Chances Are . . .
by Richard Russo
reviewed by Erik Hage
Richard Russo’s Chances Are… is about three male friends in their mid-sixties who first met as undergraduates at a small liberal arts college in Connecticut. Back then, they weathered the Vietnam draft and the disappearance of their friend Jacy, a wealthy and wild young woman who vanished shortly after graduation. All three were infatuated with her. In many ways, they still are.
The book moves between the perspectives of the men. Lincoln Moser is a financially struggling Las Vegas real-estate broker whose wife seems to do much of the adulting for him. Mickey Girardi, a Harley-riding rocker in a bar band, is a man-child with layers of violence simmering underneath his playful, ne’er-do-well exterior. And Teddy Novak, the most complex and fully realized of the three, has until recently been the editor of a small academic press specializing in religious texts. A strange childhood and a high school basketball accident have left him nursing psychic and physical wounds and forced him into a monastic existence.
Now, more than four decades later, Lincoln, Micky, and Teddy have returned to Martha’s Vineyard, the setting of Jacy’s disappearance, for one last hurrah before Lincoln sells his family home. At first, the mystery of Jacy merely laps round the edges of the narrative. When it does finally seep into the novel’s center, rather than produce a sense of urgency, it seems to intrude upon what really motivates the novel: the complicated, unconventional crosscurrents of relationships. Russo is not trying to write a straightforward mystery, but his lack of interest in either following or meaningfully departing from the conventions of the genre means that the mystery component of the novel sits uneasily alongside his more psychological interests.
Russo has been lauded over the years as a renderer of small communities, particularly in his Pulitzer Prize-winning Empire Falls (2001) and in Nobody’s Fool (1993). But even when writing about small towns in Maine and upstate New York, his true mastery lies in the ambiguities and mysteries at the heart of relationships, particularly those of the aged and experienced. For example, this revelation comes in a conversation between Lincoln and Teddy:
“What’s interesting,” Teddy was saying, “is that people aren’t more curious about each other.”
“Don’t we all have a right to privacy?”
“Absolutely. But that’s not what I’m talking about. We let people keep their secrets but then convince ourselves we know them anyway.”
This is a novel at once wise and world-weary, with so much of the action occurring in memory, and with the men’s original youthful perspectives having hardened into a zen-like acceptance of one’s lack of importance in the warp and woof of existence. As Russo writes,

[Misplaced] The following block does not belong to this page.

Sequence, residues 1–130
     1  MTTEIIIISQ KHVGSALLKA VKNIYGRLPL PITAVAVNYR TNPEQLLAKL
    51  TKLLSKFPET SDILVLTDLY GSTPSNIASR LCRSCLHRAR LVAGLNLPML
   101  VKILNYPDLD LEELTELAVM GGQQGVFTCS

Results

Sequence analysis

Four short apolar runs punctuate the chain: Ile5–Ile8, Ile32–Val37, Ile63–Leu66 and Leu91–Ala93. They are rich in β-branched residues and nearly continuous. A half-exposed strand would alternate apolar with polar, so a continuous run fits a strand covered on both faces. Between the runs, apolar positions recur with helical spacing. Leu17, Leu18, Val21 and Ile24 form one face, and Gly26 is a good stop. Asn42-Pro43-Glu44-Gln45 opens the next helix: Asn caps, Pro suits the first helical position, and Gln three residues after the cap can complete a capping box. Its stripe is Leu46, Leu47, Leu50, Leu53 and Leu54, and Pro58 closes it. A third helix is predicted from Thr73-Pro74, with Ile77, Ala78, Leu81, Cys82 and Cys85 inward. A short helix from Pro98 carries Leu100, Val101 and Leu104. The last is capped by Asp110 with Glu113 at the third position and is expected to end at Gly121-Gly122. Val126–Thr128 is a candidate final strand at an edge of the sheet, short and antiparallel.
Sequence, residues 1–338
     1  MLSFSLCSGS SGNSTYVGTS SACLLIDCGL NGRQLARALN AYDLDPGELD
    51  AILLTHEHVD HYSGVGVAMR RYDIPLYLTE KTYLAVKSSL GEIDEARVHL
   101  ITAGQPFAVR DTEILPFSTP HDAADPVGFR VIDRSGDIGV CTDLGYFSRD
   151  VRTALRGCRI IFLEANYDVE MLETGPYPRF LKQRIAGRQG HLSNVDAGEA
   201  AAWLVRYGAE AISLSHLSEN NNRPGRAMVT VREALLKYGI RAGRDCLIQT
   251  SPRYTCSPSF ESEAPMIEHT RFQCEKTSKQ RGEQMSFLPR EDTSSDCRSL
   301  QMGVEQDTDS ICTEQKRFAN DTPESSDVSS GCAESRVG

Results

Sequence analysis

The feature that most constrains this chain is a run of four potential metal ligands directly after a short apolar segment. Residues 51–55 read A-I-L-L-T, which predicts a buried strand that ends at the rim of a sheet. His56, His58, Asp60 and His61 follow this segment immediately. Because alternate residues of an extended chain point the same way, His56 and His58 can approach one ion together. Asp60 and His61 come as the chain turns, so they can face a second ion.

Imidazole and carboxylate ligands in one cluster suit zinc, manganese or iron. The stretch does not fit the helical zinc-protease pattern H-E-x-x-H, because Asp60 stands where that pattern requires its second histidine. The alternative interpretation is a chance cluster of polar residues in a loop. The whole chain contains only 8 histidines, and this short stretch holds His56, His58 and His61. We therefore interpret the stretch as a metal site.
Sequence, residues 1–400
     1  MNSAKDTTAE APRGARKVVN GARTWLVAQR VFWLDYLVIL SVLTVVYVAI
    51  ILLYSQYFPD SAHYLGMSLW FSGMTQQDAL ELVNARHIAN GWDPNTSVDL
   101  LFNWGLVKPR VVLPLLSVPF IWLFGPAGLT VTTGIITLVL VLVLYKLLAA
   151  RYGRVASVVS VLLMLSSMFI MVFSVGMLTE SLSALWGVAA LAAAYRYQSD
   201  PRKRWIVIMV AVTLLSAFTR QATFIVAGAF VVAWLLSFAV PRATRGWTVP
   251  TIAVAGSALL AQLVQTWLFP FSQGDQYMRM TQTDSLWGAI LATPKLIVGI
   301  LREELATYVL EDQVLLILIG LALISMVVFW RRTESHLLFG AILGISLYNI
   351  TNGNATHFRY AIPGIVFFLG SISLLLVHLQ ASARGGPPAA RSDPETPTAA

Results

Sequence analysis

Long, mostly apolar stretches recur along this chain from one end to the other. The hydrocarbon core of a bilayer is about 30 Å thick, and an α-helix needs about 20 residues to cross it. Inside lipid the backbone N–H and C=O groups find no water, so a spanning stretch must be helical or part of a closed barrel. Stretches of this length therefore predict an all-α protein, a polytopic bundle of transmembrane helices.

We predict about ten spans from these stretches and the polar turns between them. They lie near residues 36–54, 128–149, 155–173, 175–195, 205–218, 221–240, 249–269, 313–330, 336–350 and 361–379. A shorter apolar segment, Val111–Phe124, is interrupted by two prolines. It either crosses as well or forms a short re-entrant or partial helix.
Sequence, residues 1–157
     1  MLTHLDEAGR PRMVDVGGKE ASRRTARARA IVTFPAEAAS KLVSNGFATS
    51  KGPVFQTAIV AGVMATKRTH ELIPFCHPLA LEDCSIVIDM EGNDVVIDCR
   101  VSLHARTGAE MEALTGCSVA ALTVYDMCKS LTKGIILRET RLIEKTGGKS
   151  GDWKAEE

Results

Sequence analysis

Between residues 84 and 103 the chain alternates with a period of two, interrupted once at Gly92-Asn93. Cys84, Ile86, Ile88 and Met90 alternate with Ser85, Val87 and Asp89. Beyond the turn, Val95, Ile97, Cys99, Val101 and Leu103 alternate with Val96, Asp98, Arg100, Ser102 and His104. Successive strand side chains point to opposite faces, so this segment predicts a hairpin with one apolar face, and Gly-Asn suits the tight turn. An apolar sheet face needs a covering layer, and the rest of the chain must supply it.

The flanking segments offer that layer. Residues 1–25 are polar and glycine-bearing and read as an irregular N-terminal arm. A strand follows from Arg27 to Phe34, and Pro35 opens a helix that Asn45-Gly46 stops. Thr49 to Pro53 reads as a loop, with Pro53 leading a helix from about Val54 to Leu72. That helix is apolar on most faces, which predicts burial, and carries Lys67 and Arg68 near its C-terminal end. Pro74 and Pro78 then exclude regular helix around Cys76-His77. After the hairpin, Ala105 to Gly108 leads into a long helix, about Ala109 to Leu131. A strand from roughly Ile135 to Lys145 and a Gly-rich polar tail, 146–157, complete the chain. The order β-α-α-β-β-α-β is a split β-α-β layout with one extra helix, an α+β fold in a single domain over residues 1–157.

Forty-four years ago, on this very island, with mountains of evidence to the contrary staring them in the face, Teddy and his friends had all agreed that their chances were awfully good. Sure they were fools, by any objective measure, but hadn’t they also been courageous that night? What were people supposed to do when confronted with a world that couldn’t care less whether they lived or died? Cower? Genuflect?
Russo’s characters aren’t highly articulate, but in their earnestness and constant questioning, they grapple with mysteries of a kind very different from that of Jacy’s disappearance: What does it all mean? Why do we suffer? How did we become the person that we are?
By moving back and forth through time, Russo gives us a sense of the characters’ larger evolution. By the end, we know them so deeply that each man seems to contain a world. Yet Russo’s brisk, immensely readable prose sweeps us along, raising complexities while never getting bogged down by them. It’s a sleight of hand in which he counters heavy ideas with a light (even wry) touch. For example:
To Teddy’s way of thinking—and he’d thought about it a lot—this depended on which end of the telescope you were looking through. The older you got, the more likely you’d be looking at your life through the wrong end, because it stripped away life’s clutter, providing a sharper image, as well as the impression of inevitability. Character was destiny.
While we eventually learn what happened to Jacy, the larger questions of the characters’ lives—of life itself—remain unresolved. But Chances Are…is ultimately, if quietly, uplifting. We see how acceptance overcomes resignation and regret, and how, in the course of this, men forged in an earlier era free themselves from a “peculiarly male conviction that silence conveyed one’s feelings better than anything else.” And here Russo pulls off another trick: finding redemptive light in so much sadness and acceptance.
Published on October 22, 2019